E: Michael, You are a superb analyst. I’ve been meaning to write about your piece in the recent JBS newsletter. It is brilliant. I just haven’t found the time … but I will … after I get back from NYC (I leave domani). One correction: I was also talking about the “cause of how the voice is working”. When a person produces a nasal sound, the air goes straight to the nose (Peerce and to a lesser extent, Calleja). In a nasal sounding voice, the air does not go to the front of the forehead, it remains centered in the nose. Jussi kept the voice forward in the mask (the nose plus the head), and as well had great chest support.
“E”, your correction is noted. Your concept is basically correct. But there is a widespread misunderstanding that shows up in your description.
What you describe is the same scenario that I was talking about with the constriction of the resonators. What we want is a feeling of the whole head being open, ala Jussi. This openness allows the sound vibrations to reflect through the open spaces and the bones of the skull and face. This gives the impression of the tone being in the mask.
If the throat is constricted in some way the sound vibrations can be restricted in their radiance and get trapped in just the nose. This is noticeably unnatural. This often happens with singers that are trying to make “nasal resonance”. Hence my explanation for why I avoid that term.
Singers that try to avoid nasality fall into the trap of avoiding healthy resonance through the head. This causes the resonance to be trapped in the throat or exposed out of the mouth. These result in singing that is either overly-dark and heavy (like the majority of modern classical singing) or white and spread (like modern pop singing).
The key misunderstanding I mentioned is so common it has become an accepted part of modern technique in the concept of how the air behaves. It is the basis of the “breath-flow” concept. You mentioned that the air travels to these different places. To a certain extent it may feel like that, but it just is not so.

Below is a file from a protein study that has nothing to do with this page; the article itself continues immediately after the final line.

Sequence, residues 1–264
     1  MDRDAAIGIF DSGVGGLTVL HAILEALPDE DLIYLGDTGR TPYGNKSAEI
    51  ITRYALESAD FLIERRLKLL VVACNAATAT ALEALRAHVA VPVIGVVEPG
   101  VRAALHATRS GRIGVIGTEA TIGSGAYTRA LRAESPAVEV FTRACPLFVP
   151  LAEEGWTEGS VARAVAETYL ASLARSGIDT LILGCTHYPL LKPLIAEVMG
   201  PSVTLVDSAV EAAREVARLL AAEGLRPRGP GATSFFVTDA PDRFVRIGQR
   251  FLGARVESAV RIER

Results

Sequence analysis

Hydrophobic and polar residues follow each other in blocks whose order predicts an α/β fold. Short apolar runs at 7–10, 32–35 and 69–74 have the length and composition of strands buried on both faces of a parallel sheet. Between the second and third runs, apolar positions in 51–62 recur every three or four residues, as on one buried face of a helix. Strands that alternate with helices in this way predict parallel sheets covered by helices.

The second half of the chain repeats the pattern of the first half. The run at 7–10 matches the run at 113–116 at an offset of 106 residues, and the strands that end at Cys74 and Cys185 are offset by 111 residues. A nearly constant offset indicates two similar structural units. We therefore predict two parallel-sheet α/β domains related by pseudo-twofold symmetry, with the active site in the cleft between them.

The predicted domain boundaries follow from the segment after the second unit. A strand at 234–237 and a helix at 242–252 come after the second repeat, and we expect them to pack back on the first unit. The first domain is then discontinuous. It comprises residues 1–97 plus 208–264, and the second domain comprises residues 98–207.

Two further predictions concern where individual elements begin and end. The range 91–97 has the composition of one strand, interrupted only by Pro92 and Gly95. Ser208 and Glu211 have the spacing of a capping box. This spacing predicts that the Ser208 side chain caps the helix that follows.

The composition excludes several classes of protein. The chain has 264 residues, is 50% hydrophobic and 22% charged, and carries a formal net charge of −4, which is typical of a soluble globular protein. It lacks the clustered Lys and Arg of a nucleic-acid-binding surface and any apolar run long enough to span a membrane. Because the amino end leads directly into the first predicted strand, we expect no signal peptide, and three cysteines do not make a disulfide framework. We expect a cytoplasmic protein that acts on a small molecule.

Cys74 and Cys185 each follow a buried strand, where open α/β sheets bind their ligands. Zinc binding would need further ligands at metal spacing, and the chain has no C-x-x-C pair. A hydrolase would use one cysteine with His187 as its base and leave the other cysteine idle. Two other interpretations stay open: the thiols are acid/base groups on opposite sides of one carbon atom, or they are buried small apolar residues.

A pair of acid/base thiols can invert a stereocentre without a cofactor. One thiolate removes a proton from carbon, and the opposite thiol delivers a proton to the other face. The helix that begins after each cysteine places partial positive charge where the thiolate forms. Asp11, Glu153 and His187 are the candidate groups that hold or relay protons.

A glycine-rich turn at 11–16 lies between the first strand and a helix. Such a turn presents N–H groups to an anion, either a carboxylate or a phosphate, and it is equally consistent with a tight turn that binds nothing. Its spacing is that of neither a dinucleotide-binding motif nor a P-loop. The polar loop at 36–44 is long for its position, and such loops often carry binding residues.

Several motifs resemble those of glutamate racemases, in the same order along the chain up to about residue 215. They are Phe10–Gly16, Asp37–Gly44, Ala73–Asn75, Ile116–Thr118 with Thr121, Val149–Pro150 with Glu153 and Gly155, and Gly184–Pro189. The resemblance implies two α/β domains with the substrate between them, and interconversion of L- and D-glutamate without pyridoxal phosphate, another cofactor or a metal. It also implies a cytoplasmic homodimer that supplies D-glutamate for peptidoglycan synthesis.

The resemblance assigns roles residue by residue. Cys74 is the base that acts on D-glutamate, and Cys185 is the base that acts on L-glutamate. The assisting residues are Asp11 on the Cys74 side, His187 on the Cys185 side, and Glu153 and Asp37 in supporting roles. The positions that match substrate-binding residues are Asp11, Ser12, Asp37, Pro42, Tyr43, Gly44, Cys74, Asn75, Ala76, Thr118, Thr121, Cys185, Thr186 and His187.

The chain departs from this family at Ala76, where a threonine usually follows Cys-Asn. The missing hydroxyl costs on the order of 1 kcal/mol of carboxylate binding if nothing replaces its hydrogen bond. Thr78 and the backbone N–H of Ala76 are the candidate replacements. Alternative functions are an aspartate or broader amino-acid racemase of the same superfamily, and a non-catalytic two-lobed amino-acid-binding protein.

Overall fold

As I stated in my description above, the sound vibrations travel through the skull, and through the air, but the air doesn’t travel. Sound is energy that passes through the air. The air itself does not travel. Sound vibrations can also travel through material, like bone. Air cannot.
The nature of this is complex, but it can be simplified to some degree. Consider water. In general we observe water in two basic states: moving, like a river and not moving, like a lake.
If the lake is calm and the water is still you can drop a rock into it and cause a disturbance. This disturbance will create waves. Waves are not actually the water moving, they are energy moving through the water. It is motion but not movement. Meaning the water doesn’t travel anywhere. If you fish you might have noticed that a bobber goes up and down with the waves but doesn’t really travel.
In a river the water is moving. If you drop a rock into it the moving water consumes the energy and it creates very little to no waves. Moving water is a poor cunducer of energy. The waves will be more regular the more calm the water is. In the same manner the more still the air in the resonator the more effective it is in having energy travel through it.
This is the principle that determines resonance. If we move the air by breathing out while singing we decrease the effectiveness of the resonator. Imagine the resonator of a violin or guitar. They don’t have air flowing through them. They contain still air that is excited into sympathetic vibration with the vibration of the strings.
With the voice this is a big challenge. But critical in order to realize the full potential of the instrument. The voice has the additional issue of the fact that our breathing goes through the vibrator. When we breath the vocal cords open to allow the air to pass through in and out of the lungs. This diminishes the effectiveness of the cords ability to vibrate, which is maximized when in a closed position.
This is the reason for the importance of breath control. Not, as many believe, to let it out so there is enough to reach the end of the phrase. It is because if we let the breath out it will destroy the balance of the vibrating mechanism.